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Court of Appeals of Oregon.

Jeremy DUGGER, Appellant, v. Robert H. SCHIEDLER, Superintendent, Two Rivers Correctional Institution, Respondent.

CV000151;  A111348.

Decided: June 20, 2001

Before LANDAU, Presiding Judge, DEITS, Chief Judge, and BREWER, Judge. Harrison Latto argued the cause and filed the brief for appellant. Timothy A. Sylwester, Assistant Attorney General, argued the cause for respondent.   With him on the brief were Hardy Myers, Attorney General, and Michael D. Reynolds, Solicitor General.

 Plaintiff appeals from a judgment dismissing his petition for a writ of habeas corpus.   ORS 34.680(1).   He argues that his imprisonment for two felony convictions was unlawfully extended when the Department of Corrections (DOC) refused to apply earned-time credits to his sentences.   Defendant responds that, under ORS 137.707 (1995), plaintiff was not eligible for earned-time credits and, therefore, plaintiff was properly imprisoned for the entire length of his incarcerative sentences.   We review the record in the light most favorable to plaintiff and for errors of law.   Fort v. Palmateer, 169 Or.App. 568, 570, 10 P.3d 291 (2000).   We reverse and remand.

In 1996, plaintiff was convicted of second-degree kidnapping, ORS 163.225, and second-degree robbery, ORS 164.405.   Both crimes were Measure 11 1 offenses, and each involved the use of a firearm.   At the time the offenses were committed, plaintiff was 17 years old. Therefore, he was prosecuted under ORS 137.707, the Measure 11 statute authorizing the prosecution of certain 15-, 16-, and 17-year-old offenders as adults.   At sentencing, the court held Measure 11 unconstitutional and refused to impose the minimum 70-month prison sentences required for plaintiff's convictions by ORS 137.707(4)(a)(i) and (r).   Instead, the court sentenced plaintiff to a 60-month gun minimum term of imprisonment on the kidnapping conviction, ORS 161.610,2 and to a concurrent probationary sentence under the sentencing guidelines on the robbery conviction.   On appeal, we affirmed plaintiff's convictions without opinion.  State v. Dugger, 148 Or.App. 635, 939 P.2d 678, rev. den. 326 Or. 58, 944 P.2d 948 (1997).   The state did not cross-appeal from the sentencing court's ruling on the constitutionality of Measure 11 or from the sentences imposed.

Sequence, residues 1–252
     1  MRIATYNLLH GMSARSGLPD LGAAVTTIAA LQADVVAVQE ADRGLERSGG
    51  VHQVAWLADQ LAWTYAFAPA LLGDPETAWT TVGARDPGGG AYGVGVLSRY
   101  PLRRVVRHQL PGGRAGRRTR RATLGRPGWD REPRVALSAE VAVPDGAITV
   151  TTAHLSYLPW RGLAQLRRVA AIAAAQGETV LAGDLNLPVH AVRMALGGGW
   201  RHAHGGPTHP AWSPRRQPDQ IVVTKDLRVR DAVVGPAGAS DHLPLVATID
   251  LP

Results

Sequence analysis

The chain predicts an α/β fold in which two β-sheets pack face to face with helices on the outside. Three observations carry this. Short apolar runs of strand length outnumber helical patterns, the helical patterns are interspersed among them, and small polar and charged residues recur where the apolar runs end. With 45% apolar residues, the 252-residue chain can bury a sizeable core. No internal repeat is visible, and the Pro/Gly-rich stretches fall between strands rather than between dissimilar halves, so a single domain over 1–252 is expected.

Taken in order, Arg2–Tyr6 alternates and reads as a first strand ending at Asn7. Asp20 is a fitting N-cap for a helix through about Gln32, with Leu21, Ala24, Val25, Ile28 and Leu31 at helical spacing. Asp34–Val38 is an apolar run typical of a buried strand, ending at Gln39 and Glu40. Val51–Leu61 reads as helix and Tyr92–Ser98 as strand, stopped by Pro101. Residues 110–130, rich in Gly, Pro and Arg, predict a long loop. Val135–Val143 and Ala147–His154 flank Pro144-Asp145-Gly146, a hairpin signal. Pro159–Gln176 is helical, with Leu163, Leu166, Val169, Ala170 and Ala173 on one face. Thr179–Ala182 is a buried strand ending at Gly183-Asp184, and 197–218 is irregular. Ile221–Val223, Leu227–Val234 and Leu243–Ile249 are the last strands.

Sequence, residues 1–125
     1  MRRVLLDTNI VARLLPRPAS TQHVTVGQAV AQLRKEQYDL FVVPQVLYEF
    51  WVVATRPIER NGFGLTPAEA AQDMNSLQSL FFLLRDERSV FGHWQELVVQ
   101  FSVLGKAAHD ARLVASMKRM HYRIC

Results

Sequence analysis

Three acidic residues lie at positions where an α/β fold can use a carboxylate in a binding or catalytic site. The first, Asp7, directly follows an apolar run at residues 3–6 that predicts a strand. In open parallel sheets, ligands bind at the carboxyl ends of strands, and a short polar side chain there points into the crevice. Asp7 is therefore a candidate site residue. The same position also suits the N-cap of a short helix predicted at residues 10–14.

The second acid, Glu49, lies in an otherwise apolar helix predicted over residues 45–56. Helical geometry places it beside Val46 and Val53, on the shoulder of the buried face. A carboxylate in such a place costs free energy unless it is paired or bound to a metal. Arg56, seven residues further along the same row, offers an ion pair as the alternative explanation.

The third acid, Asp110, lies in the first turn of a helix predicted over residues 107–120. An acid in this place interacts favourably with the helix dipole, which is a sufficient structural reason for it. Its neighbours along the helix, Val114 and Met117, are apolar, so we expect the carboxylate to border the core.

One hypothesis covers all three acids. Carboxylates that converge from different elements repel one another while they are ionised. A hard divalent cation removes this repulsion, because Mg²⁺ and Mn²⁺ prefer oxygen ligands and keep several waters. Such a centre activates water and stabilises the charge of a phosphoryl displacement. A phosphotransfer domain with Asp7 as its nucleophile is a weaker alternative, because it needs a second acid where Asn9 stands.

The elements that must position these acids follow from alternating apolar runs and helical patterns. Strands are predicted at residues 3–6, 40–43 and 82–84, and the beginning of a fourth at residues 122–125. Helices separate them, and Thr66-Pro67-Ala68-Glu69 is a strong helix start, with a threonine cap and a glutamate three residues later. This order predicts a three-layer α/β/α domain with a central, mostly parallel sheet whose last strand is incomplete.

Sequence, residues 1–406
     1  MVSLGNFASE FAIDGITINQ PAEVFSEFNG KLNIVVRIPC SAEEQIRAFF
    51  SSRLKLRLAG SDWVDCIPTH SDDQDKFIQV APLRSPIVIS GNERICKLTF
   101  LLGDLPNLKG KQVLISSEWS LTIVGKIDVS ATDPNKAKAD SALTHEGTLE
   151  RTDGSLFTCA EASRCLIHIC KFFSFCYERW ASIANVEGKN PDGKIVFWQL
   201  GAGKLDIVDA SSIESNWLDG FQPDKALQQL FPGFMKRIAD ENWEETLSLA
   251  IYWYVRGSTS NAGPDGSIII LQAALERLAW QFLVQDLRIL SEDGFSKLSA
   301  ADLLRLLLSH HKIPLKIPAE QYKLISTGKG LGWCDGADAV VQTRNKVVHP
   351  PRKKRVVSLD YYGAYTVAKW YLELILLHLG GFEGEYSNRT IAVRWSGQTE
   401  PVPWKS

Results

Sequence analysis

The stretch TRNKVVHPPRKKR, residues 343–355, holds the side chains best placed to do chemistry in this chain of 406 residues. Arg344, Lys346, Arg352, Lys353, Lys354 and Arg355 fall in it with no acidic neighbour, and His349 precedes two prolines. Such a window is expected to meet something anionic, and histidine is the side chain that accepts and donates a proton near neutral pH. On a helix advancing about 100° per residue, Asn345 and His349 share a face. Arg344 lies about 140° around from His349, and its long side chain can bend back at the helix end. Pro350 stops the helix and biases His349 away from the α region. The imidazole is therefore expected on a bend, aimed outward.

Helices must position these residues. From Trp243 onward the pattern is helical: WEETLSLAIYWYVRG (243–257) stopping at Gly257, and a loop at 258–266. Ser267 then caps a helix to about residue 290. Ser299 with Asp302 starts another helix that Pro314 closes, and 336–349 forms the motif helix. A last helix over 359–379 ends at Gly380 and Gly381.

After plaintiff's prison sentence was executed, DOC determined, based on ORS 137.707(2),3 that plaintiff was ineligible for earned-time credits.   As a result, DOC set plaintiff's release date for February 25, 2001.   According to plaintiff, the proper application of earned-time credits entitled him to release on February 15, 2000-almost one year earlier than the date determined by DOC.4 Defendant responds that the sentencing court did not intend to invalidate Measure 11 in its entirety and, specifically, that it did not intend to invalidate the prohibition of early release contained in ORS 137.707(2).   Therefore, defendant concludes, DOC “correctly * * * determined that plaintiff is ineligible for earned-time credits under ORS 421.121 because such credits are barred by ORS 137.707(2).”

The parties agree that the sentencing court's ruling that Measure 11 was unconstitutional is not consistent with subsequent case law.   See, e.g., State ex rel. Huddleston v. Sawyer, 324 Or. 597, 932 P.2d 1145, cert. den. 522 U.S. 994, 118 S.Ct. 557, 139 L.Ed.2d 399 (1997);  State v. Lawler, 144 Or.App. 456, 927 P.2d 99 (1996), rev. den. 326 Or. 390, 952 P.2d 63 (1998).   However, the state did not appeal from that ruling, and defendant does not contend that DOC was free to ignore it in executing plaintiff's sentence.   Thus the decisive issue, as framed by the unusual circumstances of this case, is whether the sentencing court invalidated only a portion of Measure 11's sentencing scheme with respect to plaintiff's sentences.